Tales of Abba Arl: The Fat Mother
Tales of Abba Arl: The Fat Mother is a Book in Elder Scrolls Online. Contained within Eidetic Memory, these books are part of the subcollection Craglorn Secrets
Where to find Tales of Abba Arl: The Fat Mother
- Elinhir, East Tower, First Floor
Tales of Abba Arl: The Fat Mother Content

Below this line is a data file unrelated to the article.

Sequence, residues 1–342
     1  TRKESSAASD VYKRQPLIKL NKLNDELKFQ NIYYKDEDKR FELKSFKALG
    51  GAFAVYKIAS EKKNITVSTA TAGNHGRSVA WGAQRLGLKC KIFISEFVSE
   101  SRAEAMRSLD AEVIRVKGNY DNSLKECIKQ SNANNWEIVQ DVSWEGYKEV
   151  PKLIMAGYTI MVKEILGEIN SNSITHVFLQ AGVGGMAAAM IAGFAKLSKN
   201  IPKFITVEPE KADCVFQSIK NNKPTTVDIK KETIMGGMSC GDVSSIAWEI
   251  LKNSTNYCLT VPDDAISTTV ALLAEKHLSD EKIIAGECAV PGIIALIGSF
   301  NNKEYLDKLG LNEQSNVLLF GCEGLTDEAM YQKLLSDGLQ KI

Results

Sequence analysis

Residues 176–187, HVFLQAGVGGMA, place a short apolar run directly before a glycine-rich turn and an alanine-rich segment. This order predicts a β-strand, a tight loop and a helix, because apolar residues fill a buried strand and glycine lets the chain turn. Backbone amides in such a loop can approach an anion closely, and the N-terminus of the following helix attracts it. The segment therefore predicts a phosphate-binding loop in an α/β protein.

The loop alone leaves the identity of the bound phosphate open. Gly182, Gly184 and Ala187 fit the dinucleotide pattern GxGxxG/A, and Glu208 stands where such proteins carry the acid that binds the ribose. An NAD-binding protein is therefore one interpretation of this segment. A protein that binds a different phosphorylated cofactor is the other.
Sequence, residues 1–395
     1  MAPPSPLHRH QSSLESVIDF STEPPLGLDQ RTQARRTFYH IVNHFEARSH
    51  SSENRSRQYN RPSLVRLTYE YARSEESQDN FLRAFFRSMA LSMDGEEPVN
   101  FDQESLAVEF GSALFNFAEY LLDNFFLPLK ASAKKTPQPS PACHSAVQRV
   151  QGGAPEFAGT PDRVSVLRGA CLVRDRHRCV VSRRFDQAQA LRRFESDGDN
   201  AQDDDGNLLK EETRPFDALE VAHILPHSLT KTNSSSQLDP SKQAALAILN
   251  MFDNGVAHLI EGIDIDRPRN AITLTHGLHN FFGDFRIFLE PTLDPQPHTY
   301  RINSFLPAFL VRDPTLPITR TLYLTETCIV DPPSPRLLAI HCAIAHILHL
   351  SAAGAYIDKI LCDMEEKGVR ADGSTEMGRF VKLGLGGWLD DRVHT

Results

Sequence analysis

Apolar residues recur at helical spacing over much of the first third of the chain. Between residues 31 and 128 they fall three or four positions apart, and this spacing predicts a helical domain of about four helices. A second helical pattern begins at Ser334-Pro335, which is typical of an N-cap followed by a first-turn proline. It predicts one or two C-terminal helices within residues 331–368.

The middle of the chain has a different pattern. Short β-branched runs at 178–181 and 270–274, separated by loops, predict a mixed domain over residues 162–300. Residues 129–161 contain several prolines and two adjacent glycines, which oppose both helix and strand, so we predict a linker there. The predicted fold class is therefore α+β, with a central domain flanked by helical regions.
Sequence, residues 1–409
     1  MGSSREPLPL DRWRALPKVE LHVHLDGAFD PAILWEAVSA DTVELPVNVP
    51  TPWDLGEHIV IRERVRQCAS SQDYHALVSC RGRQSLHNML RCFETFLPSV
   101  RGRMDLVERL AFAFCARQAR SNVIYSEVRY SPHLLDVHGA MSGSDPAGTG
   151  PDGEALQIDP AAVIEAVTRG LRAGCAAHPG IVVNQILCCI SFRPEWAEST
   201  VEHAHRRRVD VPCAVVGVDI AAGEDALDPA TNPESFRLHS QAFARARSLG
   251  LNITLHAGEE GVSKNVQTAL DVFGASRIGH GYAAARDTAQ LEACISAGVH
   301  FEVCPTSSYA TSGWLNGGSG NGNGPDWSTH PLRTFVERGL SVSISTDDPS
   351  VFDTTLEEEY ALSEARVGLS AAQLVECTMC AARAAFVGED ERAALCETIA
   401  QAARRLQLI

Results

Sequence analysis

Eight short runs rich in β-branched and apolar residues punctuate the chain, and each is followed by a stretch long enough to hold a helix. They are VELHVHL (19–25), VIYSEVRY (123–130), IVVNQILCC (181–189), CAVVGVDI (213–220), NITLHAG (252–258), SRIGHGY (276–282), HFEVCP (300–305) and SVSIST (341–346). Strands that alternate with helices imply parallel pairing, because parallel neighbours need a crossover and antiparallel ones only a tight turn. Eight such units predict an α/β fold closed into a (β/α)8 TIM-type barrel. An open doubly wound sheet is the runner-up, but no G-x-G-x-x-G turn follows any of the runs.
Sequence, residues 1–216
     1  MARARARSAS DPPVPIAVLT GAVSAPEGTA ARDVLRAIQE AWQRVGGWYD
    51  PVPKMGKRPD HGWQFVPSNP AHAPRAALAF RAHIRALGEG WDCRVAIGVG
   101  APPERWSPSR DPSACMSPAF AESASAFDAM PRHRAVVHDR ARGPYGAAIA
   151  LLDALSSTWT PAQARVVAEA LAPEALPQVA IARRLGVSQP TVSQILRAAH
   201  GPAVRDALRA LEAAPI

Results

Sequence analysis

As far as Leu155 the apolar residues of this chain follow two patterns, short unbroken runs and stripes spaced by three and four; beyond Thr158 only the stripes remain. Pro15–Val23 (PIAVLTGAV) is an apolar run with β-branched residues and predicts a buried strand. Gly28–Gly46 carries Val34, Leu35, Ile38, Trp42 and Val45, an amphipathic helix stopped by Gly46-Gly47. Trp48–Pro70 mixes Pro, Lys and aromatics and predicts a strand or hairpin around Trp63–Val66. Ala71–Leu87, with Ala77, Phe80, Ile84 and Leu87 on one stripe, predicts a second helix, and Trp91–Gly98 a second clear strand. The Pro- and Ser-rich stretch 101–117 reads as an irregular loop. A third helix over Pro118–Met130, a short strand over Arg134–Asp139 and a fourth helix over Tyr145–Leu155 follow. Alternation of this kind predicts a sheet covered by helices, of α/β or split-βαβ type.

One morning, Abba Arl asked the children 'Do you know of our parent, the Fat Mother?' The children shook their heads and said, 'No, Abba. We do not know about the Fat Mother. Will you tell us about her?' Abba nodded and told this tale. Before the People took to harvesting, they ate nothing but the meat from the wild beasts of the fields. One morning, the hunters went out and could not find any wild beasts to eat. And so the chief told his people, 'We have killed all the beasts and have nothing to eat. We must leave this place and find more beasts elsewhere.' And so it came to pass that the People packed their belongings and began to wander in search of food. One of these wanderers was called Orsa, and she was shunned by the People. They shunned her because she was fat and not pleasant to look at. One day, the People arrived at the foot of a tall mountain. They began to cry out, 'We are so hungry! If we do not eat soon, we will surely die. We cannot climb this mountain without food!' Hearing this, Orsa stepped forward and said, 'People, you have shunned me, but I love you still. Come and drink from my left breast that you might have the strength to climb the mountain.' The People were greatly pleased by this and suckled their fill. With bellies full of milk, the People climbed the mountain and did not perish. Even so, they still treated Orsa poorly. Days passed and the People came upon a river. Again, they cried, 'We are so hungry! If we do not eat soon, we will surely die. We cannot ford this river without food!' And so Orsa said, 'Still you shun me, but still I love you. Come and drink from my right breast that you might have the strength to ford the river.' Once again, the People greedily drank their fill. They swam across the river and not one of them perished. Even after this, the People spurned Orsa and would not share her company. More time passed, and the People reached the edge of a great desert. Once again, the people cried out, 'We are so hungry! If we do not eat soon, we will surely die. We cannot cross this desert without food!' The People looked to Orsa for help. 'Won't you feed us again, fat woman?' the people asked. 'I cannot' said Orsa. 'You drank from my left breast at the foot of the mountain, and my right breast at the bank of the river. I have no more milk to give.' The People were greatly disturbed by this and fell to their knees weeping. That night, Orsa prayed to the stars saying, 'Oh stars, what shall I do? I have no more milk to give my people. We will surely perish without food.' The stars spoke back, saying, 'Orsa. Why do you cry for the People? Do they not spurn you and make cruel jokes at your expense? Surely it would be better if they died so that you would be spared the pain of living with them.' 'No.' said Orsa. 'I have no husband because I am fat and not good to look upon. I have no children of my own. These people have become my children and I must care for them.' And so the stars took pity. 'Orsa, we shall help you care for the People, and we shall give you many children, but you must make a promise.' 'Anything!' cried Orsa. The stars replied, 'If any of the People treat you poorly, even for a moment, you must strike them. They must be reminded to treat you well.' 'I promise that I will do this,' said Orsa. With that, the stars wove their strongest magics and transformed Orsa into a great fat bee. The People learned to eat the honey from her hive and lived on to see their new home across the desert. But the Fat Mother kept her promise. If the People treated her poorly, Orsa and her many children would sting them to remind them of their good fortune. And so it is with us.' When Abba finished his tale, the children smiled great smiles and asked the Abba for a big gob of honey from the Fat Mother.